21 October 2012

Single parents with part-care of children

Last week was anti-poverty week, and amid all the stories about reductions in the entitlements of single parents and the paucity of the Newstart allowance rate this one caught my eye. Although it didn't deal directly with the issue, the case seems to involve, among other things, a single parent who has part-care of his children.  The comments that follow the article express various levels of support and/or sympathy mixed with the usual "get a job" sentiments.  There are also some questioning the amount of assistance he received, which appears to be just single Newstart allowance - no payments in respect of his children.

Part-care of children brings with it some complicated rules around how much, if any, family assistance can be paid, with similar provisions around child support entitlements or liabilities.  At the extremes, a parent with no care of their child won't receive any child-related assistance, and will generally have to pay child support, whereas a parent with 100% of the care gets all the child-related assistance and will generally receive child support.  As care increases from zero there is a kind-of graduated sharing of family assistance entitlements.  I say "kind-of" because it's not a smooth transition - the family assistance amounts change in a lumpy way over some percentage ranges, not at all over others, and disproportionately in the rest.

A further complication is that adult income support also undergoes changes related to the level of care of the child.

There are many possible combinations of care and payment types but I'll just focus on three as they will illustrate most of the points.

13 October 2012

Uh-oh, the kids are getting bigger

This week Parliament passed legislation removing the special arrangements ("grandfathering") for parents getting parenting payment since before 1 July 2006.  I've done a few posts on this already so I won't repeat the details (see here and here if you want the earlier raves on this subject).  The gist of it is that the grandfathered group will now have the same payment arrangements applied to them as everyone who has come on to parenting payment since 1 July 2006.  These arrangements are rather less generous for single parents, who will consequently have significant reductions in their incomes when the change takes effect on 1 January 2013.  (It's of less significance for partnered parents because they have always had lower Newstart allowance-linked payment rates.)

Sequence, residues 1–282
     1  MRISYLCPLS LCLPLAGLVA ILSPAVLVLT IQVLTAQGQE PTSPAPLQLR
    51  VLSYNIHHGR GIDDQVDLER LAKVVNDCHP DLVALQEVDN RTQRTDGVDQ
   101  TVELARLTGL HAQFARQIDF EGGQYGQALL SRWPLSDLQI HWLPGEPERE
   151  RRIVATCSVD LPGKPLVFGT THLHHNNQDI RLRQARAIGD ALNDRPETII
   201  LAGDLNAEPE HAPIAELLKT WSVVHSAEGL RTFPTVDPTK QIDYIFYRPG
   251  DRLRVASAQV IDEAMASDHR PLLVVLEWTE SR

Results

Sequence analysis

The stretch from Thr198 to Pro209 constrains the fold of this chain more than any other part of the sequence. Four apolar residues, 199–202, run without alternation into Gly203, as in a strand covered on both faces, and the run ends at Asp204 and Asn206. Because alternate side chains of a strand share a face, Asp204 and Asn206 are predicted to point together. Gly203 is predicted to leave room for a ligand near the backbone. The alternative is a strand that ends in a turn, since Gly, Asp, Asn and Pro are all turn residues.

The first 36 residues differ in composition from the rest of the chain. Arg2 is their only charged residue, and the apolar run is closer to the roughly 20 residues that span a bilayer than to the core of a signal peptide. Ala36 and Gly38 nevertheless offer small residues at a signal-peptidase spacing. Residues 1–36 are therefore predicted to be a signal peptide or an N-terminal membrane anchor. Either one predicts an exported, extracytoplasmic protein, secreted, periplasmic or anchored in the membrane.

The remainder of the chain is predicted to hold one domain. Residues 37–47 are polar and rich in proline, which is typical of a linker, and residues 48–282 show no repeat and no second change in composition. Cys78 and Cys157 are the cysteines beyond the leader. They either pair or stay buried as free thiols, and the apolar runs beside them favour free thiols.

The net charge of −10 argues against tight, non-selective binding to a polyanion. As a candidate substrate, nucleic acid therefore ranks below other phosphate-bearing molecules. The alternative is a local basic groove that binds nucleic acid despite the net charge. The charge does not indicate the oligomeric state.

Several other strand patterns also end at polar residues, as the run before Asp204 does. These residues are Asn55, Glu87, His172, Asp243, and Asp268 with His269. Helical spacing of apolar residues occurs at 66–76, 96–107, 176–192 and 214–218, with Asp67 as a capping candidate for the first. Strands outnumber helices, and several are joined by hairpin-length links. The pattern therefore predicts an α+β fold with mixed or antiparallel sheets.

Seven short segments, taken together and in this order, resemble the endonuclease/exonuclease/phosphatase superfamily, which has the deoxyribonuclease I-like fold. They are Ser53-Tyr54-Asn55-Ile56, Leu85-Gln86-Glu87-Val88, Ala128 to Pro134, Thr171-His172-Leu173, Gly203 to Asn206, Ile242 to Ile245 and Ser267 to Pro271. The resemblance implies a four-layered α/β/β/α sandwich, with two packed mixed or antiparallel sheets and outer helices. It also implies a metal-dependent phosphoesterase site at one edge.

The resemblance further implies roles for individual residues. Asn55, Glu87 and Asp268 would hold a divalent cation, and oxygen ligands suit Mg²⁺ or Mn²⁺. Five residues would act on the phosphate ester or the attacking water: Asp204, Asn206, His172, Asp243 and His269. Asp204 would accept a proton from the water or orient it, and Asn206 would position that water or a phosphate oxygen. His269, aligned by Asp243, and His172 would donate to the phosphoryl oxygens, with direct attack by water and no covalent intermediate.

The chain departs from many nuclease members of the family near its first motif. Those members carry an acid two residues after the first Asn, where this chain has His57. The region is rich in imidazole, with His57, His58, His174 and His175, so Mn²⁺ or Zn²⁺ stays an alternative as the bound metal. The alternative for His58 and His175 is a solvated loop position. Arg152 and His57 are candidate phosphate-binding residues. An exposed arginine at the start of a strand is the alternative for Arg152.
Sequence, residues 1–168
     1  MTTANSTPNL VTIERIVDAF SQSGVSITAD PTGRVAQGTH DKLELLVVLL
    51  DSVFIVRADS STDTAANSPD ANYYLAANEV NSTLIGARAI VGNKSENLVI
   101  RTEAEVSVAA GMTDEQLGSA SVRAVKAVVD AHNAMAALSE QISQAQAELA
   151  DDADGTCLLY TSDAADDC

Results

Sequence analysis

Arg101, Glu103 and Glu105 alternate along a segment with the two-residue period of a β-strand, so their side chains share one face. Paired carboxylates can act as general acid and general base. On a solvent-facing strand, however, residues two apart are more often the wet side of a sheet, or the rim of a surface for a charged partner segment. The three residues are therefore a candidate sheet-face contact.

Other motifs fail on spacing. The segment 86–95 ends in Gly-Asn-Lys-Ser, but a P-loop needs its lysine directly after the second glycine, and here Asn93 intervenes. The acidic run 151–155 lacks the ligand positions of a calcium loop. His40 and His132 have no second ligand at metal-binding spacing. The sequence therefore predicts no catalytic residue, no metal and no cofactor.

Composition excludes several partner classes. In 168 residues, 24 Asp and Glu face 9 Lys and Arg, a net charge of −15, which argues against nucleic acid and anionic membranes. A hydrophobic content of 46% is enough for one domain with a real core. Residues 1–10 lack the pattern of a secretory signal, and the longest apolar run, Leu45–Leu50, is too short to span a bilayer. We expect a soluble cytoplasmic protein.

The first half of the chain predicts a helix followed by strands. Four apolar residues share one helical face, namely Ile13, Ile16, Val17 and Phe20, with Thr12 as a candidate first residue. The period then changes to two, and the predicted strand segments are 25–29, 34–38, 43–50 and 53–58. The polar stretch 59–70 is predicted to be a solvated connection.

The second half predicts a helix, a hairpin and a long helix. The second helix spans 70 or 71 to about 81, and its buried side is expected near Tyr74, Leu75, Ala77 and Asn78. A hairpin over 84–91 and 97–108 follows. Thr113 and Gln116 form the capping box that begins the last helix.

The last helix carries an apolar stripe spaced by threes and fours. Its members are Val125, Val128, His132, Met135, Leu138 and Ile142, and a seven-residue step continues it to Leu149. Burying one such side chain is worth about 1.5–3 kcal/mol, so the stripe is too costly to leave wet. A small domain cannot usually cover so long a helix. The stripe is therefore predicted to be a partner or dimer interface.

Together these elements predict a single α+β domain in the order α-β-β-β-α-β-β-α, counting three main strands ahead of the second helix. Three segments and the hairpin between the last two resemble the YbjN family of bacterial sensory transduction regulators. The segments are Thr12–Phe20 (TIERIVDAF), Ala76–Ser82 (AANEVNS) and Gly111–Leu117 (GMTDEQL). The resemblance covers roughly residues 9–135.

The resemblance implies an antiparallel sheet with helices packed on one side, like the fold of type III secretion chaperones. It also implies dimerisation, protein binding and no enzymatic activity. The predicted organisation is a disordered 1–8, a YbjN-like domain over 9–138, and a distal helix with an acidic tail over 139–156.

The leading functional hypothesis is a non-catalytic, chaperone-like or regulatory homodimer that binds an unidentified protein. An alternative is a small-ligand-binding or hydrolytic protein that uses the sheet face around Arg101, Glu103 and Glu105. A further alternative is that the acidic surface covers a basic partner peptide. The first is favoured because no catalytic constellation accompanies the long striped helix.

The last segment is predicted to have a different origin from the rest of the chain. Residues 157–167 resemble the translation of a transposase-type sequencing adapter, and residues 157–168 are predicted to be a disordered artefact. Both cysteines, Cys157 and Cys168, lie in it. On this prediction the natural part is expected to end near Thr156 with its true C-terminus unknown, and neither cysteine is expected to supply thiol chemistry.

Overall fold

Parents in the income support system, partnered or single, face changes in the total assistance package provided to them when their children reach significant birthday milestones.  Sometimes it's up, sometimes it's down, but the final result is down.  By final result, I mean that eventually the parent is no longer considered to have a dependent child, and a significant age for this purpose is 22 years.  A 22 year old child becomes eligible for Newstart allowance in their own right (subject to the usual rules about being unemployed, etc) and a 22 year old student child gets a youth allowance that is no longer affected by parental income.  If the parent is single then, in the usual case, they will get the single rate of Newstart allowance.

So, under the current arrangements a single parent who still needs income support will typically end up on single Newstart allowance, simply as a consequence of the passage of time.  If we compare the assistance package for a single parent with a newborn to that of a single Newstart recipient the size of the eventual transition that must occur is stark.

01 October 2012


A few days ago I put up a somewhat rambling post covering several topics, but mainly focused on the concept of the net income tax threshold.  I had prepared a few charts for it that I didn't end up using as they didn't quite fit the theme of the post, at least not without wandering off in yet another direction  But waste not, as they say, so I thought I'd pop them up separately with only a few words of explanation.

They are of the same type as Charts 1 to 3 in the earlier post, showing the interaction between transfer payments and income tax (and medicare levy) liability.  However, the charts in today's post show this information as at the election of the 40th Parliament (the second-last Howard government) as well as at 20 September this year (part-way through Parliament 43).  This makes visible the change over that period in three numbers of interest: the maximum transfer package (at zero private income); the income at which a liability for income tax starts; and the net income tax threshold.

As before, all the charts are adjusted for changes in the CPI so that the 2001 results can be directly compared to today's figures.  So without further ado...